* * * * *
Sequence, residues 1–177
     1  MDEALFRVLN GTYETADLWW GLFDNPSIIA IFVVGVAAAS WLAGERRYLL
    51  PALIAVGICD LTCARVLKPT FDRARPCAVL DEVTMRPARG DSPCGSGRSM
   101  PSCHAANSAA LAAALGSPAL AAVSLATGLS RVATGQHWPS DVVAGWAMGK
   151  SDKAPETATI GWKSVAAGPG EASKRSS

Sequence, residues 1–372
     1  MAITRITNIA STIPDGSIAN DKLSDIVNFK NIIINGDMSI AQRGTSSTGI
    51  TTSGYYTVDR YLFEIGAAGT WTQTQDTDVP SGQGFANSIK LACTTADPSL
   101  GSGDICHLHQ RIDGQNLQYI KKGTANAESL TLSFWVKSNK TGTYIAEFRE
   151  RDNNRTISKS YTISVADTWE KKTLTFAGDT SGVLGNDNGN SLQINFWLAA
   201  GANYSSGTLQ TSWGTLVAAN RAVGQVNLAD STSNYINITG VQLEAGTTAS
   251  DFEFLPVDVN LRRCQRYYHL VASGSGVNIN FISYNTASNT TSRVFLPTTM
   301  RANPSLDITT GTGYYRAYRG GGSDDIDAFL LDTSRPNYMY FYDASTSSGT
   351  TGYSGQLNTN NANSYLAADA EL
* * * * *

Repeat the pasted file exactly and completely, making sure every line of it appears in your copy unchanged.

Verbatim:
Sequence, residues 1–177
     1  MDEALFRVLN GTYETADLWW GLFDNPSIIA IFVVGVAAAS WLAGERRYLL
    51  PALIAVGICD LTCARVLKPT FDRARPCAVL DEVTMRPARG DSPCGSGRSM
   101  PSCHAANSAA LAAALGSPAL AAVSLATGLS RVATGQHWPS DVVAGWAMGK
   151  SDKAPETATI GWKSVAAGPG EASKRSS

Sequence, residues 1–372
     1  MAITRITNIA STIPDGSIAN DKLSDIVNFK NIIINGDMSI AQRGTSSTGI
    51  TTSGYYTVDR YLFEIGAAGT WTQTQDTDVP SGQGFANSIK LACTTADPSL
   101  GSGDICHLHQ RIDGQNLQYI KKGTANAESL TLSFWVKSNK TGTYIAEFRE
   151  RDNNRTISKS YTISVADTWE KKTLTFAGDT SGVLGNDNGN SLQINFWLAA
   201  GANYSSGTLQ TSWGTLVAAN RAVGQVNLAD STSNYINITG VQLEAGTTAS
   251  DFEFLPVDVN LRRCQRYYHL VASGSGVNIN FISYNTASNT TSRVFLPTTM
   301  RANPSLDITT GTGYYRAYRG GGSDDIDAFL LDTSRPNYMY FYDASTSSGT
   351  TGYSGQLNTN NANSYLAADA EL